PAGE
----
We spent Christmas of 1998 visiting friends in Ontario, Canada. On Boxing Day (26 December) we ladies made a shopping trip into Ottawa. It was such a lovely day.
On of the shops we went to sold only products made in Canada. Many things were hand-crafted. That is where I found this darling figure of a First Nations girl with her husky puppy. As soon as I saw it, I knew it must come home with me!
Don't you love her sweet face? And the puppy is pretty cute too!
The beginning of the month, the local newspaper announced the city Street Department was having a workshop on how to build a rain barrel.
It sounded really good: "Anyone interested in building and using their
own rain barrel..." and "During the workshop, the CRC will go through the process
of building a rain barrel step by step. All necessary materials will be
provided and each registered attendee will be able to complete a rain barrel
and take it home the same day." The 'workshop' cost $40 "per barrel which will pay for all needed
materials." It was scheduled to be one and a half hours long.
I was excited. You see, I have FOUR barrels behind my shed and I'd like to make 3 of them into rain barrels. So I thought $40 for a class to learn and then take home a finished rain barrel was a pretty good deal. And since the cost was for materials, Himself and I could work together on one barrel.
Then we showed up to the site. There were a bunch of tables set up for 4 people per table... and not a rain barrel 'kit' in sight, just 2 finished ones at the front of the room. Hmmmmmm... Then some guy from a governmental agency starting talking about water sheds and all sorts of things besides rain barrels.
When he finally got to rain barrels, it was 'well, ummm, you drill here... shove in there...shouldn't leak but...and it's done!"
Excuse me?? Someone else asked, "Do you have written instructions?"
He said... (and I am serious...) "Oh, there are all sorts of instructions on the Internet you can look up."
Then he announced the completed rain barrels were out on a truck in the parking lot.
We went out with the rest of the crowd to get our crudely made rain barrel. They didn't even clean up the edges. No workshop what-so-ever, not even a hand-out! If they had even done a good demonstration that would have been worth something.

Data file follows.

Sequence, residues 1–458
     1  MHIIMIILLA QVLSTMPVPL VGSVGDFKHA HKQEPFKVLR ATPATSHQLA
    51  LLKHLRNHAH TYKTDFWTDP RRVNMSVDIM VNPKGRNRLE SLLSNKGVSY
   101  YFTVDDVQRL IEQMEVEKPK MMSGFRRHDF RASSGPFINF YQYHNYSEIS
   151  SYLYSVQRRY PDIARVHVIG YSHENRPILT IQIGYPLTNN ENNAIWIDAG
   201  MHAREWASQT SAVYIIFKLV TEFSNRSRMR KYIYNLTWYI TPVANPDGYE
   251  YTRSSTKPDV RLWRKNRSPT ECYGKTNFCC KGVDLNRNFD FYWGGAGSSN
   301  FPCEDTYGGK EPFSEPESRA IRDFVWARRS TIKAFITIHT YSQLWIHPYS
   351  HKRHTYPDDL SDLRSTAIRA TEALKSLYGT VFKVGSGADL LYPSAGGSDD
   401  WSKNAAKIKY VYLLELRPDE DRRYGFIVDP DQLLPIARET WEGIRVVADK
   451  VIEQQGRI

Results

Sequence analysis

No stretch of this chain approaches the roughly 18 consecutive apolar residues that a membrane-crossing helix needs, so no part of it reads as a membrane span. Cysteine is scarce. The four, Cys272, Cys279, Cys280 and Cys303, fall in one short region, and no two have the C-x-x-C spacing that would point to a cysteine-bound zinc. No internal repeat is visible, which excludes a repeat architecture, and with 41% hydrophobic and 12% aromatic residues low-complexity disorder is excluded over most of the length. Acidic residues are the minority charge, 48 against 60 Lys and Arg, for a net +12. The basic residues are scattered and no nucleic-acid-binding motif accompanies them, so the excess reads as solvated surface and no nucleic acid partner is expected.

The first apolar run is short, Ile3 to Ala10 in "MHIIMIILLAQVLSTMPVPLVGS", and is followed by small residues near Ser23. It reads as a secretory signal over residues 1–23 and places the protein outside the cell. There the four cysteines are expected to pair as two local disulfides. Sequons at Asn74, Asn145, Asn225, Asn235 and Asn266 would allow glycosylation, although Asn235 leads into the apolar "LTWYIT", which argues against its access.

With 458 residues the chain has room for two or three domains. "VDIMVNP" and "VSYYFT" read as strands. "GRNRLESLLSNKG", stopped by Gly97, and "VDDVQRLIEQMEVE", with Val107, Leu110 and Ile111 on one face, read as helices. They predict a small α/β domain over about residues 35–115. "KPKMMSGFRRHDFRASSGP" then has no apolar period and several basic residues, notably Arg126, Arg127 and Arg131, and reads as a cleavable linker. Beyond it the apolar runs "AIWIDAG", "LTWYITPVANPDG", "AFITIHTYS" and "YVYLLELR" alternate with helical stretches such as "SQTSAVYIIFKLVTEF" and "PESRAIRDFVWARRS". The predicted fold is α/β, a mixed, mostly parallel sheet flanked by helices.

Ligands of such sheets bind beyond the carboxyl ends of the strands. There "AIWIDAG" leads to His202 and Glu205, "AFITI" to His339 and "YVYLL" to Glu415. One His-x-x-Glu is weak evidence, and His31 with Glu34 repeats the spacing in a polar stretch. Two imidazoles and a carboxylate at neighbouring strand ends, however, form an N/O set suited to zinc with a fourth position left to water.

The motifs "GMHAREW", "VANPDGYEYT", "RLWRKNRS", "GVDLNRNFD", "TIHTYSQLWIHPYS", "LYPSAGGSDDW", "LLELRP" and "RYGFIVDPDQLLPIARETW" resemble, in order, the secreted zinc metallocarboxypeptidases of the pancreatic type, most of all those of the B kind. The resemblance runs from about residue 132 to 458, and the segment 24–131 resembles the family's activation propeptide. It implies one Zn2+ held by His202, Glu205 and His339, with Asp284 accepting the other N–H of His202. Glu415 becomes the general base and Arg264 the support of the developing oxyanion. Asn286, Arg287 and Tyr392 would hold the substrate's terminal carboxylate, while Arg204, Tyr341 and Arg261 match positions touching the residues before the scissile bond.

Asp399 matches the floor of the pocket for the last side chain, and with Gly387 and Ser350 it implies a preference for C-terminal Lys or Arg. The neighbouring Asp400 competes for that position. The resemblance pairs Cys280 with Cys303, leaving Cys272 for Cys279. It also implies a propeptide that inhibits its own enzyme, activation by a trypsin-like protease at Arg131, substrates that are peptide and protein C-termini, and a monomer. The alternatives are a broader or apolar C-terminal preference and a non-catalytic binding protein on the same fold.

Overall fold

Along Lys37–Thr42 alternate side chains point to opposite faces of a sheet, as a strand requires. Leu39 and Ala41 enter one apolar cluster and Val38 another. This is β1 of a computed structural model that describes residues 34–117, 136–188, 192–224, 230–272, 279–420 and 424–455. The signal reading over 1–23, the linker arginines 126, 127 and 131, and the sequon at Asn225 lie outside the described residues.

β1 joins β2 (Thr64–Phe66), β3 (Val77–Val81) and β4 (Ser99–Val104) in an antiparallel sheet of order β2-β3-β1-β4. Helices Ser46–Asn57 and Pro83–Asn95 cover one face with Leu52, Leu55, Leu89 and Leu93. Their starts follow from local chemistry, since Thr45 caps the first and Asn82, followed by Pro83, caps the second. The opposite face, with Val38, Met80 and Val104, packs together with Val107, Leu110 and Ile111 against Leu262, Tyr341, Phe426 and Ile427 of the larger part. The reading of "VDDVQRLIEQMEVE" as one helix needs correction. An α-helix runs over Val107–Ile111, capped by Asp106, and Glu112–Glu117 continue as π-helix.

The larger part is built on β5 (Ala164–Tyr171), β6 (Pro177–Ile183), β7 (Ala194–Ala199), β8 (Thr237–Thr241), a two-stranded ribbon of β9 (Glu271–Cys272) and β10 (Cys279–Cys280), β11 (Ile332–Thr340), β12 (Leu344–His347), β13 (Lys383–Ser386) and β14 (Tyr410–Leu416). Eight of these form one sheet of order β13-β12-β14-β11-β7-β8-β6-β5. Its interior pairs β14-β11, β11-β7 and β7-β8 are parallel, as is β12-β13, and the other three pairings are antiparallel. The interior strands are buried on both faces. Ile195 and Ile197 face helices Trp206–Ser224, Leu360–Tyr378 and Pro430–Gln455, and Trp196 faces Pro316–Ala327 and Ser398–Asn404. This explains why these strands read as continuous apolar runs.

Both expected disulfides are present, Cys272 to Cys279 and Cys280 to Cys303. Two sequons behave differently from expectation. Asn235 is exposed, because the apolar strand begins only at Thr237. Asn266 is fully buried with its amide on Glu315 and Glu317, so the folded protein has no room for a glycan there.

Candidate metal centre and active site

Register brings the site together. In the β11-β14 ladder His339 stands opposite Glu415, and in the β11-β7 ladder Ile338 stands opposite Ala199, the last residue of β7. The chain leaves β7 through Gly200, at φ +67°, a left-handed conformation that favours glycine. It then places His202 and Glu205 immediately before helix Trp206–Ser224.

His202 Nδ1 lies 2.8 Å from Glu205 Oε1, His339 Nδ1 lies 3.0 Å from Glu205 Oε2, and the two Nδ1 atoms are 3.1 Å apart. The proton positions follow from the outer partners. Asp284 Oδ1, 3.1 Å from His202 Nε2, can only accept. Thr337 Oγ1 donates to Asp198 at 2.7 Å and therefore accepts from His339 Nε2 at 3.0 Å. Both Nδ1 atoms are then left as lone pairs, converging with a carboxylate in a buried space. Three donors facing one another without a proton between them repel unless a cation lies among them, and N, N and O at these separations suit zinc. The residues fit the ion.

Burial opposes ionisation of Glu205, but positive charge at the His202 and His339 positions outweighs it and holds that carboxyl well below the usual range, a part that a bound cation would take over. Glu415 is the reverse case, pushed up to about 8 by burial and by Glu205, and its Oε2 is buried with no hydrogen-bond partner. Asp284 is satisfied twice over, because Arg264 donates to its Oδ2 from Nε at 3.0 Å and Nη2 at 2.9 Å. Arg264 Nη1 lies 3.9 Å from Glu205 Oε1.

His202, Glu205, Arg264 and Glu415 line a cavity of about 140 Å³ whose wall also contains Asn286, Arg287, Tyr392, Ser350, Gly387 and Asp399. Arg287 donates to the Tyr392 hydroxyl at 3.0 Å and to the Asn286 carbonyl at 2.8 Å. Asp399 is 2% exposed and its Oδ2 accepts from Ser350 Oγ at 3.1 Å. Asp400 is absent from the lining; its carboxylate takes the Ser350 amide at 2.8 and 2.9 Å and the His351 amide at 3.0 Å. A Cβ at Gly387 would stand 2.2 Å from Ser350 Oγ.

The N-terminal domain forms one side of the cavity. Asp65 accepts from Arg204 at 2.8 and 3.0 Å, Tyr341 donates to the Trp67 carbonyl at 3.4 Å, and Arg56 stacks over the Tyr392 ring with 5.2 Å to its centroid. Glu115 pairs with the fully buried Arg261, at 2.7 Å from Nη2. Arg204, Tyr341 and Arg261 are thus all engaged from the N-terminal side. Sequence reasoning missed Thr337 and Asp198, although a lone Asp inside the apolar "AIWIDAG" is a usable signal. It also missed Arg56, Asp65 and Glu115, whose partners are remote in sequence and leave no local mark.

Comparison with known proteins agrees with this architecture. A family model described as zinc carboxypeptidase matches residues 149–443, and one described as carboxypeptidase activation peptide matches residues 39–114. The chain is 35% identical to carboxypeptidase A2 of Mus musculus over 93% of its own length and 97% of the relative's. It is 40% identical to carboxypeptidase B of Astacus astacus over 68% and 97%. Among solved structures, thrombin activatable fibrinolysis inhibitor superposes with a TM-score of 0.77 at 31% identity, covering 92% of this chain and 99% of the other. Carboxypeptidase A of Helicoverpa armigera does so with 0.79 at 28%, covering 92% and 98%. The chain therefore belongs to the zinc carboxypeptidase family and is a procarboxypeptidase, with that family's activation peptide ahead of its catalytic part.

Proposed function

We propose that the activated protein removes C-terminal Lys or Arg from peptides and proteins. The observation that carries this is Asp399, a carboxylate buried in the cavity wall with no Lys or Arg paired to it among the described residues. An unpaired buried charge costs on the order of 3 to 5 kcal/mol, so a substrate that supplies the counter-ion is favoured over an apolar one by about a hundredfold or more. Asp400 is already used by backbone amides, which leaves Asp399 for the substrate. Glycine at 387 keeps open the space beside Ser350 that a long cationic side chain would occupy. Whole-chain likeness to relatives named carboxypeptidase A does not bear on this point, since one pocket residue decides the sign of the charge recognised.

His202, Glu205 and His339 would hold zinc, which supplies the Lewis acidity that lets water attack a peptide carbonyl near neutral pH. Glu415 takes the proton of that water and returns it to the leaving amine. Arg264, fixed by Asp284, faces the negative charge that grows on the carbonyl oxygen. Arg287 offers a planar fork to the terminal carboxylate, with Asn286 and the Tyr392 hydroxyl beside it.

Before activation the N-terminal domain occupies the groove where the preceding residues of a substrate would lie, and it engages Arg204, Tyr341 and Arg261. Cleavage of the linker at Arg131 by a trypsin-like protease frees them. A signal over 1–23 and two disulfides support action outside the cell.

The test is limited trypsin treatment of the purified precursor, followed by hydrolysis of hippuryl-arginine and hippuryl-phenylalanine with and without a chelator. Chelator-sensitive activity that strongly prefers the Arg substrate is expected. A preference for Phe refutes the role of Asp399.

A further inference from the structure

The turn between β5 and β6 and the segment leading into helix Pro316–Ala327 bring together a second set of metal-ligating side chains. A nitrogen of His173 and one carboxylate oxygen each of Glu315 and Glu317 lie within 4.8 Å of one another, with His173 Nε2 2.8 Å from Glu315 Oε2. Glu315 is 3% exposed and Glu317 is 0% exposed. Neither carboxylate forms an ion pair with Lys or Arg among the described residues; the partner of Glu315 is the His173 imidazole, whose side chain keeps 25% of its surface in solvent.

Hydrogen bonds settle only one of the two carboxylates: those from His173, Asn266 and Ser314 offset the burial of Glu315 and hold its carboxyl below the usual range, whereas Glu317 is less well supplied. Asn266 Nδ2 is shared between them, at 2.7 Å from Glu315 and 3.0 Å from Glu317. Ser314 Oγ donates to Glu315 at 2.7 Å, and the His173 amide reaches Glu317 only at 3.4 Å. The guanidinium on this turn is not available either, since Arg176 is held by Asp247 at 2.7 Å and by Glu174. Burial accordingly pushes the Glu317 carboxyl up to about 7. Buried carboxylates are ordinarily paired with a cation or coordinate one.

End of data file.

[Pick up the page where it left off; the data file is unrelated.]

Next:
So I'm back to Square One -- look up rain barrel DIY on Pinterest. (Except I'm out $40... )
I did a quick restyle on my camera strap the other day. You see, I am sensitive to the rubbery/spongy side of a commercial strap. Contact dermatitis in just a few minutes that takes days to go away! Ugh.
So I decided it was past time to make a strap cover!
I had dug out some scarves for another project and this is one I really like. I'm so glad that it didn't work for my first project!
It is a square scarf. I started with a corner in the center of the camera strap and just started wrapping. After each loop you'll have to adjust it a bit so it lays nicely. Keep going until you have it completely wrapped.
I took some matching embroidery floss from my stash and made several wraps around the end to secure it. I like the corners showing but you can just as easily tuck them up for a more finished look.
Finally I did some wraps at the center. You could do wraps centered on each side but I like the looser flowing look that three tied areas give.
It is so very comfortable, plus you can change up the look quickly by wrapping another scarf right over the top for a fast change up.
My second trip outside the US was a day trip to Nuevo Larado, Mexico in 1995.
Himself had just graduated military paramedic school in San Antonio, TX and I decided to fly down for his graduation. Then we could ride home together. Sometime between deciding to go down and actually getting there, I decided that we needed to make a trip to Mexico.
So off we went!
You know, I don't really remember much about where we went in Nuevo Larado. God blessed us with a really cool taxi driver who took us to a 'mercado' area and after showing us around a bit, offered to be back to pick us up in a few hours.
We had a blast exploring and shopping. I did a lot of shopping.... a whole lot of shopping (Christmas was taken care of in that one trip!). It seemed that most of the vendors did not have bags to carry your purchases either. Poor Himself was having a tough time toting all of it for me.
So when I saw someone selling all sorts of baskets that his family was making right there, I quickly bargained for this one. I think I paid a couple of dollars for it. It's a nice size... about 12" high and about 15" wide at the top. Except for a couple blankets, all my trinkets and gifts fit easily inside this newest trinket.
True to his word, our taxi driver was at the designated place at the time, and dropped us off at the border control gate. A quick visit with the officers and we were on our way back to San Antonio.
I've used this basket for many things through the years. Currently it is my 'mending' basket.
When we visited Kenya in 2011, one of the plans was to visit our sponsor children there. I had a friend who also sponsored a Kenyan child. I ended up becoming 'co-sponsor' and therefore could officially visit Tyson.
And what a visit it was! My friend sent a stuff full backpack of gifts plus we bought food staples in-country. We went to the family's home... a one room apartment that housed Tyson, his brother (who is the head of the household), wife, and little niece.
The family was a bit overwhelmed with the gift we brought from my friend. As we prepared to leave, Tyson grabbed his one toy and handed it to me... asking that I take it back to my friend 'to remember him by'.
She said she laughed and cried when she opened the box I'd mailed it in.